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Commitment To Moving More Care Away From Hospitals Questioned As Analysis Reveals Funding Cuts To Key Services

A new analysis of day-to-day funding for NHS services shows that successive governments have not put their money where their mouths are to meet much-touted ambitions of moving more care away from hospitals.

The analysis published today by the Nuffield Trust shows that when accounting for inflation (in real terms), total funding for NHS-ran patient care services has increased by 3.1% a year over the past six years, but this increase has not been applied equally to different sectors.

While acute, ambulance and NHS mental health services have seen real terms increases, overall funding for NHS community healthcare services has grown much more slowly, at only 0.5% per year since 2016/17 or 3.2% in real-terms over the entire period. Some services – dentistry, public health, and prescribing – have seen real-terms cuts to their budgets over this time.

The picture is even more stark once these figures are adjusted to take account of healthcare need, to reflect our aging population (known as “needs adjustment”). Needs-adjusted spending on NHS community health services in 2022/23 was 4.2% below where it was in 2016/17, meaning those services received £6 less per person in 2022/23 – when demand for their services is taken into account – than they did seven years ago.

For dentistry the drop is 20% over time or the equivalent of a drop of £11 per person when adjusted for need. Local authority public health spending – which buys vital services like health visiting, school nursing, and promotion of good health – has been cut by 24% per person during this time, equivalent to a cut of £15 per person. Meanwhile, funding for mental health care, which has grown most significantly per person when adjusted for need, was £43 more per person, all stated in 2016-17 prices.

The analysis of NHS funding by care sector is drawn from the detailed annual accounts of all 212 NHS provider trusts, supplemented with information from NHS England’s and the Department of Health and Social Care’s annual accounts. It is published as part of an update to the Nuffield Trust’s Health and care finance tracker funded by the Nuffield Foundation and calls into question the commitment to moving care closer to people’s homes, a key plank of policy over the past decade.

Of the nine NHS service funding lines examined in the analysis :

  • Four experienced average annual real-terms increases over the period – acute services (4.4%) mental health (5.3%), ambulances (5.2%) and GP primary care (3.3%)
  • Three experienced average annual real-terms cuts: public health (-3.9%) dentistry (-2.2%), ophthalmic and pharmacy spend (-2%)
  • Two were broadly flat: community services (0.5%) and prescribing ( –0.5%) on average each year over this period.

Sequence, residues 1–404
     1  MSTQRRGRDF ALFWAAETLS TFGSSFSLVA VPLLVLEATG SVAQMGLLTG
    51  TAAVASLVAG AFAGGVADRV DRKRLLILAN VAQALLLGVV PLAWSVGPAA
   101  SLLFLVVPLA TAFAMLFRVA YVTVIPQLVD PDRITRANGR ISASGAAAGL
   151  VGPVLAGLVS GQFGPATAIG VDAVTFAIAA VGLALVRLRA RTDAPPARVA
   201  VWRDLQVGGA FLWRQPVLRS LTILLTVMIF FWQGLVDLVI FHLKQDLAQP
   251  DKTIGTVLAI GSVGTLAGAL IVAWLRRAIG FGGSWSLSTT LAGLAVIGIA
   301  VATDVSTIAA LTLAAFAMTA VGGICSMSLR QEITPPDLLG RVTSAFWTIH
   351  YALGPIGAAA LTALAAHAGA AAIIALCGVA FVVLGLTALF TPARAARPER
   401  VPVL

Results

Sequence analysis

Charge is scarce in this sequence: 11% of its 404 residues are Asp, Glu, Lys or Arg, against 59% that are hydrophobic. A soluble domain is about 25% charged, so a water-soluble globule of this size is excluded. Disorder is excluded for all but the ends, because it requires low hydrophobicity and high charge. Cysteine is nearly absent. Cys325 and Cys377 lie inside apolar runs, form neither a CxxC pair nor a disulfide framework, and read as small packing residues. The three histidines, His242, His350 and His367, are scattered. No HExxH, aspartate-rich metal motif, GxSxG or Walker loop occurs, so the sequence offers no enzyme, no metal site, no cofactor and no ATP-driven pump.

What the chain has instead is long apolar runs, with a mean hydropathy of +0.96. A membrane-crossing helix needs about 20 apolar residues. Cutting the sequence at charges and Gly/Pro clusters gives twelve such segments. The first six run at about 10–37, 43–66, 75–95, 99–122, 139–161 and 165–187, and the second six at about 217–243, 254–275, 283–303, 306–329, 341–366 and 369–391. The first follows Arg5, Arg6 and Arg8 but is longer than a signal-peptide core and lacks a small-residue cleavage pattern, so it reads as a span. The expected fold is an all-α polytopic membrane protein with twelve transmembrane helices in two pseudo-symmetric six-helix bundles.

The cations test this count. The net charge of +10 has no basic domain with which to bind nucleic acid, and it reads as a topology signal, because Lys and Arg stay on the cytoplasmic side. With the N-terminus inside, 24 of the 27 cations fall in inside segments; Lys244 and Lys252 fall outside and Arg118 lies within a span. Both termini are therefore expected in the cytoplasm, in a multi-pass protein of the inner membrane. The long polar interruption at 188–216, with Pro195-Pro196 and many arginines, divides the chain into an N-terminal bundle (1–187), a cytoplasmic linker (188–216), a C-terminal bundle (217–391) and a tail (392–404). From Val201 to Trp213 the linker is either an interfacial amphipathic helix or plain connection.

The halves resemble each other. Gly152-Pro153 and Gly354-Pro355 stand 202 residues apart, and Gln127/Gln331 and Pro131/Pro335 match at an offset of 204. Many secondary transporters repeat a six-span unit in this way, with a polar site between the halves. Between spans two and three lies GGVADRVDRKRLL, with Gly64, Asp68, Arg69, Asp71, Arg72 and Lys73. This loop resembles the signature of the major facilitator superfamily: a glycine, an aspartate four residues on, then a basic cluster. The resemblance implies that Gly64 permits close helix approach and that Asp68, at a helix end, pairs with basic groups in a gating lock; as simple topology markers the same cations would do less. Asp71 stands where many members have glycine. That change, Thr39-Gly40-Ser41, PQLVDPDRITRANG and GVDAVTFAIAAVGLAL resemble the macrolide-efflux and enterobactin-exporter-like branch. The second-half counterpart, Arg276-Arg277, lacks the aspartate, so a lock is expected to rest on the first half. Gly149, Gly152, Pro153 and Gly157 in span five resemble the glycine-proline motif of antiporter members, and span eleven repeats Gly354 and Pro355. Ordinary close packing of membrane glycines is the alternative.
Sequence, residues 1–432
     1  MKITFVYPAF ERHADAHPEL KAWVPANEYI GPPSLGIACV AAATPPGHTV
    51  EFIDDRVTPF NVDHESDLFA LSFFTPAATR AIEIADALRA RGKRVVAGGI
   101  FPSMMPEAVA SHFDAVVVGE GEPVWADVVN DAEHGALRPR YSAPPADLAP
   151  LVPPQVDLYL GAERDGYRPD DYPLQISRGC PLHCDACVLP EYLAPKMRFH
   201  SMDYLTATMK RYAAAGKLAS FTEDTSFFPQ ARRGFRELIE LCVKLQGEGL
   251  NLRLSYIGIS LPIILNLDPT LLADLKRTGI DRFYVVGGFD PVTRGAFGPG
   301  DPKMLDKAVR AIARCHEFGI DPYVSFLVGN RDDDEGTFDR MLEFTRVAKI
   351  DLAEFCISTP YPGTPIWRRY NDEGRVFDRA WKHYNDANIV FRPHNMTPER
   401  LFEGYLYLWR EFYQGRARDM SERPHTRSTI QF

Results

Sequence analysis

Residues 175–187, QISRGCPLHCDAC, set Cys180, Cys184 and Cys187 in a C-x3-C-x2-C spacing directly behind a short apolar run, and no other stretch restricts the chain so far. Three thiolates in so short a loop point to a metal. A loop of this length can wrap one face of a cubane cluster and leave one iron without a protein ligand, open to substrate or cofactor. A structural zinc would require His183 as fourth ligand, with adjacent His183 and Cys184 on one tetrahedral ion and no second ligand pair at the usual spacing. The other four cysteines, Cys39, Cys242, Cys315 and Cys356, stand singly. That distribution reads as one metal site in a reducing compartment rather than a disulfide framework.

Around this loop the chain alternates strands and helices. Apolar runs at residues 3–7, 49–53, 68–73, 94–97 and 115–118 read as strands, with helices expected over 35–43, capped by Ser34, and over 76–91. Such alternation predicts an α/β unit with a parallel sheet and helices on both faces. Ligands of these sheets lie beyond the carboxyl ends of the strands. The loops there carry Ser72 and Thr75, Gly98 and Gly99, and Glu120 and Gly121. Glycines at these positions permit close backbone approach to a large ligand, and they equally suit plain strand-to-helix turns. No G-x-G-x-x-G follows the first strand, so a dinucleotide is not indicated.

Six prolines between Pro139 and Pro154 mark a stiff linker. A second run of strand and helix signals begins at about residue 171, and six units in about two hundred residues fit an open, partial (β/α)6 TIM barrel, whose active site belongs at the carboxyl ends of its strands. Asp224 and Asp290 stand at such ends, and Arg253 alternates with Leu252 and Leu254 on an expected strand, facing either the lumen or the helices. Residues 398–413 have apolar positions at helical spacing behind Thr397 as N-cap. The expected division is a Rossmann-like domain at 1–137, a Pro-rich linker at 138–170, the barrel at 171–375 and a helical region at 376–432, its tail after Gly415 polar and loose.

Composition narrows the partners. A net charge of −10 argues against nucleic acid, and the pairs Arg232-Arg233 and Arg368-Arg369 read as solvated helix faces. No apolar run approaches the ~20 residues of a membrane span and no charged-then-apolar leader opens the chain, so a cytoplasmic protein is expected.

The analysis also shows that:

  • When healthcare need is taken into account, the Nuffield Trust reveals that overall funding per head rose by an average 2% real terms a year over the period and fell by 2.2% between 2021-22 and 22-23 as a result of the rapid post pandemic funding slowdown.
  • Community services spending was cut in real terms in three out of the six years between 2016-17 and 2022-23 and that average real terms funding growth for this sector reduces to just than 0.05% a year over the period if the impact of central funding for a one-off covid related pay bonus for staff in 2022/23 is excluded.

Nuffield Trust Senior Policy Analyst Sally Gainsbury said:
“For over a decade, policymakers have rightly claimed that if the NHS is to be more than a sickness service, we need to develop and boost services that actively keep people out of hospital by managing long term conditions in their homes and preventing illness and chronic health deterioration. Only by investing in care in our communities – whether district nursing, health visiting, or speech and language therapy – can we really hope to address the many challenges presented by an ageing population and widening health inequalities.

“But our analysis reveals that the opposite is true when it comes to how much money is being invested in different forms of healthcare, with striking falls in needs-adjusted spending per person in key community and primary care services. Quite simply successive Governments have cut back on the very services that are needed to support the ambition of moving care out of hospital.

“These trends are not an accident: when the chips are down, it’s the blue-light emergency services that swallow up what funding is available for healthcare in straitened times. Whoever forms the next government will have a mountain to climb to reverse this trend without detracting from the very real spending pressures in acute care”.

 

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